On the 26th March 2018 primary school teacher Rachel Kenneally sadly passed away in her home surrounded by loving family and friends. Rachel was determined to raise awareness of scalp cooling but died before she had chance to. Now her family are sharing Rachel’s story to fulfil her last wish to help others. Rachel was an inspiration and natural ambassador, showing bravery and selflessness following her diagnosis and illness. On behalf of everyone at Paxman we wanted to pass on our heartfelt and sincere condolences to all Rachel’s family and thank them for bravely sharing Rachel’s story.
“I’m Rachel and I’m 26-year-old primary school teacher from Tipperary. I moved to Dubai September 2014 for a new adventure, to travel and to continue my career as a teacher. I first felt a lump in my breast in March 2017 and after a misdiagnosis in Dubai, I travelled home to Ireland where the lump was diagnosed as a malignant cancerous lump on 27th July 2017. My initial diagnosis stood as Stage 3 Invasive Ductal Carcinoma. After abdominal CT and MRI scans were completed prior to starting chemotherapy, my diagnosis advanced. Then in August 2017, I was diagnosed with Stage 4 Metastatic Breast Cancer with secondaries in my liver. Over time, it also spread to my spine, lymph nodes and skin.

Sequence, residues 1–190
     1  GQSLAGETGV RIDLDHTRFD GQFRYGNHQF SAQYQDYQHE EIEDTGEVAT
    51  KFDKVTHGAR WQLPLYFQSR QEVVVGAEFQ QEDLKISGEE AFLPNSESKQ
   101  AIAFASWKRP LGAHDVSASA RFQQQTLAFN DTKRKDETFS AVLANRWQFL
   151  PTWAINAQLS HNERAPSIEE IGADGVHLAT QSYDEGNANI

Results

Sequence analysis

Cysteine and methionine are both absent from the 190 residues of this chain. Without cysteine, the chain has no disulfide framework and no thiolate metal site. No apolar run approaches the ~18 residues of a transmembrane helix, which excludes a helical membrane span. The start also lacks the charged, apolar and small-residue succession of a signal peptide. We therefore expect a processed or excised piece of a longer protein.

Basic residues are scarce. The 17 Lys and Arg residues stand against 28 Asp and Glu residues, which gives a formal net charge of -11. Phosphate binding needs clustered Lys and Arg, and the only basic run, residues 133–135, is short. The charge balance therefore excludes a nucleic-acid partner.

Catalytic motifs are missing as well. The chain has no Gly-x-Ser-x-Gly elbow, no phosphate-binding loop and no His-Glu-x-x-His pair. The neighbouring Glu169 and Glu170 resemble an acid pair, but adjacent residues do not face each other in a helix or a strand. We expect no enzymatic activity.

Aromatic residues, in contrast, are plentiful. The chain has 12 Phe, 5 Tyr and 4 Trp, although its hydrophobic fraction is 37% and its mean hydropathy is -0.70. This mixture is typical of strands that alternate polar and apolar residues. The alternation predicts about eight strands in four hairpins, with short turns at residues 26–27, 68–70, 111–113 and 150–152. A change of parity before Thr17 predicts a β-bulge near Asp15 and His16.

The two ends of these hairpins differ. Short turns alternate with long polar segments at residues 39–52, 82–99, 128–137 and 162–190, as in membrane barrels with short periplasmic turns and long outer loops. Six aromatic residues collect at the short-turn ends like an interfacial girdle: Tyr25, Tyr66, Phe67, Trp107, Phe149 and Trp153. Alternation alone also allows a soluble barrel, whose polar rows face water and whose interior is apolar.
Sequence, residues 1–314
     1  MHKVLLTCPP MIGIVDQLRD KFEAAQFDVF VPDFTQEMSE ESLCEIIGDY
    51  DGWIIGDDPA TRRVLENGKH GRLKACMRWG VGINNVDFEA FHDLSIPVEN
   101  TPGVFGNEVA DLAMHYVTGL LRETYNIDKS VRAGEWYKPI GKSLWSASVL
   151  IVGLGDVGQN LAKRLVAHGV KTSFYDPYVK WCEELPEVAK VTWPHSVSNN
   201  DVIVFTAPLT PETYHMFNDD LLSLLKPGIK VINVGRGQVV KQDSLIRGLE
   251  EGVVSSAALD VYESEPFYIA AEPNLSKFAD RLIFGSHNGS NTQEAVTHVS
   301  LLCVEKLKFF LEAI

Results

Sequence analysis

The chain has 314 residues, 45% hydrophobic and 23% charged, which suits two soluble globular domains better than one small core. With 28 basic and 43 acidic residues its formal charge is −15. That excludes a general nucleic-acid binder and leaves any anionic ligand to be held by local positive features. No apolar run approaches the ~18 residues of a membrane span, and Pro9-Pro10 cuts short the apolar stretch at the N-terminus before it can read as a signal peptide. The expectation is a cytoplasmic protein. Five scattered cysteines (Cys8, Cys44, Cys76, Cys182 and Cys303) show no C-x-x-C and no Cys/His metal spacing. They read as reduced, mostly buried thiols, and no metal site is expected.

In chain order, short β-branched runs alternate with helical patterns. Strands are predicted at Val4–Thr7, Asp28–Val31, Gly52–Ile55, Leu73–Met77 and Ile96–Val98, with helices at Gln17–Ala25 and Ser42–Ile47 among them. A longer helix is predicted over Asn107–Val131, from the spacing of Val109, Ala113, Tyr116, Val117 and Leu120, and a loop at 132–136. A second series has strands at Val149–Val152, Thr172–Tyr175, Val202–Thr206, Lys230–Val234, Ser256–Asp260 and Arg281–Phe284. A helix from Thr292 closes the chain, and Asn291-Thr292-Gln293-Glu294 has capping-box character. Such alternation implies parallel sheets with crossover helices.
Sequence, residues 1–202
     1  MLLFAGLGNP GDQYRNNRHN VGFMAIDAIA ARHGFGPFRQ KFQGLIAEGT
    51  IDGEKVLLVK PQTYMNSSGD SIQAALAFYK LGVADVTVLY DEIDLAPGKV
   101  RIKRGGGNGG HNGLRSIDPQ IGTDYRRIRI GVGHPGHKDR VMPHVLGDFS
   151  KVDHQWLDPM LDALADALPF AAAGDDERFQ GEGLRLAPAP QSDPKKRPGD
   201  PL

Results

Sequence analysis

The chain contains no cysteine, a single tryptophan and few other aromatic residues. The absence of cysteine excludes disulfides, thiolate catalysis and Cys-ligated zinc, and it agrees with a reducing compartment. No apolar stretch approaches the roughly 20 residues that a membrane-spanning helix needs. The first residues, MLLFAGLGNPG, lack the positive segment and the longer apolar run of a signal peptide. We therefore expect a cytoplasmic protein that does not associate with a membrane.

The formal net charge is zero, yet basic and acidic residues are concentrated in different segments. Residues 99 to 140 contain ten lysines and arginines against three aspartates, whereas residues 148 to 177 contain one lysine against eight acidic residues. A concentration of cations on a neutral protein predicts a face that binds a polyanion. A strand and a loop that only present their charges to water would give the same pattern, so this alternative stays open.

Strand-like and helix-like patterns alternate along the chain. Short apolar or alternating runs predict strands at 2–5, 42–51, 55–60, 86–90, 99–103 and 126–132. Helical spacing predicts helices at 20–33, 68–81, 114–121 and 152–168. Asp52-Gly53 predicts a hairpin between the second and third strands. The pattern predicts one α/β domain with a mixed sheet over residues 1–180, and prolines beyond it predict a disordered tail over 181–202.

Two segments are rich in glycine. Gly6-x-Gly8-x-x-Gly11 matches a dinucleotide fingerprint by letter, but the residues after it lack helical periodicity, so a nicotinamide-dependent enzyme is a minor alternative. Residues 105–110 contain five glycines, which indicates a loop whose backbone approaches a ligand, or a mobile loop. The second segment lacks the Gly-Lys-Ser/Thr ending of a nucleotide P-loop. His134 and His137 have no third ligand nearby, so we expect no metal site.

After review by my multi-disciplinary team, my final chemo plan was confirmed. I was due to face six 3-week cycles.Because of low white blood cells, one session of Paclitaxel was missed, totalling the amount of chemo sessions I received to seventeen. I was treated by the lovely doctors and nurses of The Bon Secours Hospital, Cork, Ireland and started my chemotherapy in August 2017 and finished it in January 2018.
Like a lot of people, I connected the word cancer to chemotherapy and chemotherapy to hair loss. In fact, my first question to my consultant was "will I lose my hair?". Devastated at the age of 25 by the thought of everything, I found myself googling the A-Z of cancer (which I recommend you avoid), with hair loss being one of the first topics. That's when I came across Paxman Scalp Cooling. Around the same time, I heard the news of a local woman also battling cancer who had managed to keep her hair thanks to the use of 'scalp freezing'. Soon after, my oncology nurse asked had I heard of it and told me that it would be an option in the hospital but that there was no guarantee that my hair would withstand the strength of the chemotherapy. My nurse also explained that many patients couldn't bear the cold feeling of the cap. My decision had been made from day one. I was going to give it a try, for sure. Remember, if you're not in, you can't win. I understood hair didn't mean as much to others, but for me, it did!